In the areas divided by the Durand Line, no such assumption should be made. There are many reasons why it may be right to say that Pakistan has been looking both ways with regard to the Taliban and even more radical groups operating on both sides of its north-west frontier. But given that a section of its population has doubts about whether it should be part of Pakistan and not, like the Taliban and most Pashtuns, part of Afghanistan -- or even a state independent of both countries -- it should come as no surprise that this should be one of them.

Would these people die for their country? You'd have to work out which country you were talking about for a start -- or if that was a question that even had any relevance to them at all.

Sholto Byrnes is a Contributing Editor to the New Statesman
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Is defeat in Stoke the beginning of the end for Paul Nuttall?

The Ukip leader was his party's unity candidate. But after his defeat in Stoke, the old divisions are beginning to show again

In a speech to Ukip’s spring conference in Bolton on February 17, the party’s once and probably future leader Nigel Farage laid down the gauntlet for his successor, Paul Nuttall. Stoke’s by-election was “fundamental” to the future of the party – and Nuttall had to win.
 
One week on, Nuttall has failed that test miserably and thrown the fundamental questions hanging over Ukip’s future into harsh relief. 

For all his bullish talk of supplanting Labour in its industrial heartlands, the Ukip leader only managed to increase the party’s vote share by 2.2 percentage points on 2015. This paltry increase came despite Stoke’s 70 per cent Brexit majority, and a media narrative that was, until the revelations around Nuttall and Hillsborough, talking the party’s chances up.
 
So what now for Nuttall? There is, for the time being, little chance of him resigning – and, in truth, few inside Ukip expected him to win. Nuttall was relying on two well-rehearsed lines as get-out-of-jail free cards very early on in the campaign. 

The first was that the seat was a lowly 72 on Ukip’s target list. The second was that he had been leader of party whose image had been tarnished by infighting both figurative and literal for all of 12 weeks – the real work of his project had yet to begin. 

The chances of that project ever succeeding were modest at the very best. After yesterday’s defeat, it looks even more unlikely. Nuttall had originally stated his intention to run in the likely by-election in Leigh, Greater Manchester, when Andy Burnham wins the Greater Manchester metro mayoralty as is expected in May (Wigan, the borough of which Leigh is part, voted 64 per cent for Brexit).

If he goes ahead and stands – which he may well do – he will have to overturn a Labour majority of over 14,000. That, even before the unedifying row over the veracity of his Hillsborough recollections, was always going to be a big challenge. If he goes for it and loses, his leadership – predicated as it is on his supposed ability to win votes in the north - will be dead in the water.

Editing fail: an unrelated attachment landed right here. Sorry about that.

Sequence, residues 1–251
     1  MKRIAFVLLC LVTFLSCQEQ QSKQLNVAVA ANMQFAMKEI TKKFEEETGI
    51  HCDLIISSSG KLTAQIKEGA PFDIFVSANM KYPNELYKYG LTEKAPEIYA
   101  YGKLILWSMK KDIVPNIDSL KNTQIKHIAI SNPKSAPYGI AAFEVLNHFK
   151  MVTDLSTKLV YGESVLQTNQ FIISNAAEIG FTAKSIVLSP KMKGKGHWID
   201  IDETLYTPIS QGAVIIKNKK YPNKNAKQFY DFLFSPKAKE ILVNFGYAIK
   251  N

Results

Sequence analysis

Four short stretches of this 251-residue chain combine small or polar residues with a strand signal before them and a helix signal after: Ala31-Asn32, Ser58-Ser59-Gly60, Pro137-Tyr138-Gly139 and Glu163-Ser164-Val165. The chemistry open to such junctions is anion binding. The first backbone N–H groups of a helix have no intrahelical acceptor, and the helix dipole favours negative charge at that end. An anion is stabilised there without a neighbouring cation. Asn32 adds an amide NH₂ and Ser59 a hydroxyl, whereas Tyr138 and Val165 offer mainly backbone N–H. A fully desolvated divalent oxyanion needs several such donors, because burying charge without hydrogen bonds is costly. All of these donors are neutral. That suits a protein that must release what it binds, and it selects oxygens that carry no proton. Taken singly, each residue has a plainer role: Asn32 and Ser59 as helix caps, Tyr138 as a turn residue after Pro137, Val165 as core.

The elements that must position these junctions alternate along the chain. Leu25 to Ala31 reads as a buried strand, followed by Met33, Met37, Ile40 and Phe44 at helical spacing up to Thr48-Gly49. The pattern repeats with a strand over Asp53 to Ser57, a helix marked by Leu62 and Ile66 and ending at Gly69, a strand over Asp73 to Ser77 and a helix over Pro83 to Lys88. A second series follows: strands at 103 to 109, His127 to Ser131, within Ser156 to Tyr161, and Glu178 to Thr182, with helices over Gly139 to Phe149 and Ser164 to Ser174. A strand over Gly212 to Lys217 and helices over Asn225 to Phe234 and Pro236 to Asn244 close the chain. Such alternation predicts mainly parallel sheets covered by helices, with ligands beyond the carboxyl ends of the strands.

Nuttall is not entirely to blame, but he is a big part of Ukip’s problem. I visited Stoke the day before The Guardian published its initial report on Nuttall’s Hillsborough claims, and even then Nuttall’s campaign manager admitted that he was unlikely to convince the “hard core” of Conservative voters to back him. 

There are manifold reasons for this, but chief among them is that Nuttall, despite his newfound love of tweed, is no Nigel Farage. Not only does he lack his name recognition and box office appeal, but the sad truth is that the Tory voters Ukip need to attract are much less likely to vote for a party led by a Scouser whose platform consists of reassuring working-class voters their NHS and benefits are safe.
 
It is Farage and his allies – most notably the party’s main donor Arron Banks – who hold the most power over Nuttall’s future. Banks, who Nuttall publicly disowned as a non-member after he said he was “sick to death” of people “milking” the Hillsborough disaster, said on the eve of the Stoke poll that Ukip had to “remain radical” if it wanted to keep receiving his money. Farage himself has said the party’s campaign ought to have been “clearer” on immigration. 

Senior party figures are already briefing against Nuttall and his team in the Telegraph, whose proprietors are chummy with the beer-swilling Farage-Banks axis. They deride him for his efforts to turn Ukip into “NiceKip” or “Nukip” in order to appeal to more women voters, and for the heavy-handedness of his pitch to Labour voters (“There were times when I wondered whether I’ve got a purple rosette or a red one on”, one told the paper). 

It is Nuttall’s policy advisers - the anti-Farage awkward squad of Suzanne Evans, MEP Patrick O’Flynn (who famously branded Farage "snarling, thin-skinned and aggressive") and former leadership candidate Lisa Duffy – come in for the harshest criticism. Herein lies the leader's almost impossible task. Despite having pitched to members as a unity candidate, the two sides’ visions for Ukip are irreconcilable – one urges him to emulate Trump (who Nuttall says he would not have voted for), and the other urges a more moderate tack. 

Endorsing his leader on Question Time last night, Ukip’s sole MP Douglas Carswell blamed the legacy of the party’s Tea Party-inspired 2015 general election campaign, which saw Farage complain about foreigners with HIV using the NHS in ITV’s leaders debate, for the party’s poor performance in Stoke. Others, such as MEP Bill Etheridge, say precisely the opposite – that Nuttall must be more like Farage. 

Neither side has yet called for Nuttall’s head. He insists he is “not going anywhere”. With his febrile party no stranger to abortive coup and counter-coup, he is unlikely to be the one who has the final say.